In a study on research habits, Wellesley College researchers
Panagiotis Metaxas and Leah Graham found that fewer than 2 percent of
students in one Wellesley computer science class bothered to use
non-Internet sources to answer all six test questions.
students failed to check out multiple sources. For instance, 63 percent
of students asked to list Microsoft Corp.'s top innovations only
visited the company's Web site in search of the answer.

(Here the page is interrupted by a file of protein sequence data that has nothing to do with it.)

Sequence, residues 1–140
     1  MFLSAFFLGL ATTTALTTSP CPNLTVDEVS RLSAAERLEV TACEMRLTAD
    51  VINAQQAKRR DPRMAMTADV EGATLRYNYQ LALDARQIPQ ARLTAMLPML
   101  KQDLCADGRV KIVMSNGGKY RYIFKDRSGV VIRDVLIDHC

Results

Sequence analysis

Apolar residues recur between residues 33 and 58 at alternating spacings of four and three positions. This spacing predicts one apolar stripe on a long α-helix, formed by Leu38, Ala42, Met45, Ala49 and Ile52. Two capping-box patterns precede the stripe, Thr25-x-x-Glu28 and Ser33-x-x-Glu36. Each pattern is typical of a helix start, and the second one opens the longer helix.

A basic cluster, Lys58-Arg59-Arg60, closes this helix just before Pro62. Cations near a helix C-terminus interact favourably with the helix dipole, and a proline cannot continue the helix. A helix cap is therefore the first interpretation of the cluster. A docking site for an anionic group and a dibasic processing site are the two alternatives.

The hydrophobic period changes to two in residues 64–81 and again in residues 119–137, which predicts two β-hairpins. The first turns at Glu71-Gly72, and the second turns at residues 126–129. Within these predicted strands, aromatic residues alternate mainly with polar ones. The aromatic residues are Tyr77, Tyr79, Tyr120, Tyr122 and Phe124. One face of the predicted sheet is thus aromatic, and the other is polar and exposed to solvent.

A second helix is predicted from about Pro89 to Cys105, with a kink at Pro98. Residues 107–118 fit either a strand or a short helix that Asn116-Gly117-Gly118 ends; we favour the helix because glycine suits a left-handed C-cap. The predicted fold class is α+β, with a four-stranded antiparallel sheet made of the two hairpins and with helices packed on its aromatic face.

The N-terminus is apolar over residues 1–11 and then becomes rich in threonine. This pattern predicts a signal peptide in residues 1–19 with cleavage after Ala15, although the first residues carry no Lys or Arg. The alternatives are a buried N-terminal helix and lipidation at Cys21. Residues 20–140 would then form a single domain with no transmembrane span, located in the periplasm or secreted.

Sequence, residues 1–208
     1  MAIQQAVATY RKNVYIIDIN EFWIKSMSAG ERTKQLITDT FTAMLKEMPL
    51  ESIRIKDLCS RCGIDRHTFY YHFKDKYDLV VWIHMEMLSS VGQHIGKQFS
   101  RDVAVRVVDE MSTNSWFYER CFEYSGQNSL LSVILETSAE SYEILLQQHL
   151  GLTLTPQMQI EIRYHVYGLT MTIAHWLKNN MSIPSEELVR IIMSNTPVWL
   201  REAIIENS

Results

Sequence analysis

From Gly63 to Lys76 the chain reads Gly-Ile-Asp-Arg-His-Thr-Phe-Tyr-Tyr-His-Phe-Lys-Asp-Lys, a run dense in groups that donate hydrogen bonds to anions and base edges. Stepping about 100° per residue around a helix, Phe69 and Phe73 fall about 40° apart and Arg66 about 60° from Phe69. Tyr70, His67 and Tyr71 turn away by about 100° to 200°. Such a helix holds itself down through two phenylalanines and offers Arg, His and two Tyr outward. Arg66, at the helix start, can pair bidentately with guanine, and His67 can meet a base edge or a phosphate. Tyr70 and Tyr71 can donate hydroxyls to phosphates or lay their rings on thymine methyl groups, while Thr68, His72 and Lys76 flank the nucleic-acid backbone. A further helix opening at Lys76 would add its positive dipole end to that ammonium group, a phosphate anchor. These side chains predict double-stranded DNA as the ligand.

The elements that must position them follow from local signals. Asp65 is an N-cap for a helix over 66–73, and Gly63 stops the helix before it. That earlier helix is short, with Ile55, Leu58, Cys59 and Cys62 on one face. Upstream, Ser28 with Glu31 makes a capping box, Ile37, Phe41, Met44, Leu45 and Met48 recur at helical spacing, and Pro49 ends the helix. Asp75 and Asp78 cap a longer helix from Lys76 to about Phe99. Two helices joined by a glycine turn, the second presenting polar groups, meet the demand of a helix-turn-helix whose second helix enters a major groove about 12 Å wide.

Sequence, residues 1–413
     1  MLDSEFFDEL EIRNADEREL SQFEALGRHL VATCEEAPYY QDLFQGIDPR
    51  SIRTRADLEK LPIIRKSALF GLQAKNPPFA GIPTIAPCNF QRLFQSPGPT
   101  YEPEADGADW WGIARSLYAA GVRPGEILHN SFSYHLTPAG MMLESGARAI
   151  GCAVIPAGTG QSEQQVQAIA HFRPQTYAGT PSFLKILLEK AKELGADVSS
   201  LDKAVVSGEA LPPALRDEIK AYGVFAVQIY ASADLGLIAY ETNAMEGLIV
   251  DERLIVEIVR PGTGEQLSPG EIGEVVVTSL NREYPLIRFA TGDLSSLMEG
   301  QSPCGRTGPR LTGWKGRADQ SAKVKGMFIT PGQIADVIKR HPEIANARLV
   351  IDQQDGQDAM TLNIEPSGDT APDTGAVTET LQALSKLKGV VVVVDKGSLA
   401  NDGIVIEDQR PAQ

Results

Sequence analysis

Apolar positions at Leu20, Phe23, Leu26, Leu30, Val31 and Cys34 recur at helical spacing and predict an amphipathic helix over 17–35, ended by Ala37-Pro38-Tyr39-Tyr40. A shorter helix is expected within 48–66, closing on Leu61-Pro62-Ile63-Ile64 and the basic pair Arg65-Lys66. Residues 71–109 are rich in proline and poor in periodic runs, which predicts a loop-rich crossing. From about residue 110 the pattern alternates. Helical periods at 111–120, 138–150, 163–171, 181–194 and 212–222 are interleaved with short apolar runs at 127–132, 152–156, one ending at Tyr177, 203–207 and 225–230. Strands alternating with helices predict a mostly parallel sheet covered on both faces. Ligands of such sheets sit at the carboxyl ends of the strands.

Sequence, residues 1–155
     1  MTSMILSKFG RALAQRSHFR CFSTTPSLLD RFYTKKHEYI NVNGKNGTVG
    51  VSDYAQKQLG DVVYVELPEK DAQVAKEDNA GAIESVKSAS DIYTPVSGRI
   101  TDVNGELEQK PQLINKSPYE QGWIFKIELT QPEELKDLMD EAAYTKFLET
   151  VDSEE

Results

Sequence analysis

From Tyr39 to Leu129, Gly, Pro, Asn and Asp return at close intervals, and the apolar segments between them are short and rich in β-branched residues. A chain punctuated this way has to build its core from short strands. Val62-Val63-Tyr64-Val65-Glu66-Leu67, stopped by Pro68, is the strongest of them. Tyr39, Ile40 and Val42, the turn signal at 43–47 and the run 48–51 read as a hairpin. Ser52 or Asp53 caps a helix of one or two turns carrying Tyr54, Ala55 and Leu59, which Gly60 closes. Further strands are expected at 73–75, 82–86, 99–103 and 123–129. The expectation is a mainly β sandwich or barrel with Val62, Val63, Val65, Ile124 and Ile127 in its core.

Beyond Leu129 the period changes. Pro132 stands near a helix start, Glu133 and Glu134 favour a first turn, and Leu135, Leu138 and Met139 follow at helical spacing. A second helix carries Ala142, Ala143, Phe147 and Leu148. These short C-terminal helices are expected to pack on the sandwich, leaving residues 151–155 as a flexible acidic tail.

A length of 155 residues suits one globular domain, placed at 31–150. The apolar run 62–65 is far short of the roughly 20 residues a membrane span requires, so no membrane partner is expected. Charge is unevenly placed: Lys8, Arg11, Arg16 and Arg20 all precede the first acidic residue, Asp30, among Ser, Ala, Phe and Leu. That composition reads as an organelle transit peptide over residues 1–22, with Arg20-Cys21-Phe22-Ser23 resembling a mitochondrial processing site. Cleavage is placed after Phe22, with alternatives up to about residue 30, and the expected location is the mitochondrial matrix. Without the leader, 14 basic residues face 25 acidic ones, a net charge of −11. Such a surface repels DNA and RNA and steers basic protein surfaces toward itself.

It's a paradox to some that so many young Americans can be so accepting of online information whose origin is unclear.
... is part of their lives, yet they tend to believe things fairly
readily because it appears on the Internet," said Roger Casey, who
studies youths and pop culture at Rollins College in Winter Park,
One concern is commercial influence online; some search
engines run ads and accept payments to include sites in their indexes,
with varying degree of disclosure.
"If I'm going to go to the
library, chances are somebody hasn't paid a librarian 100 bucks to
point me to a particular book," said Beau Brendler, director of the
Consumer Reports WebWatch.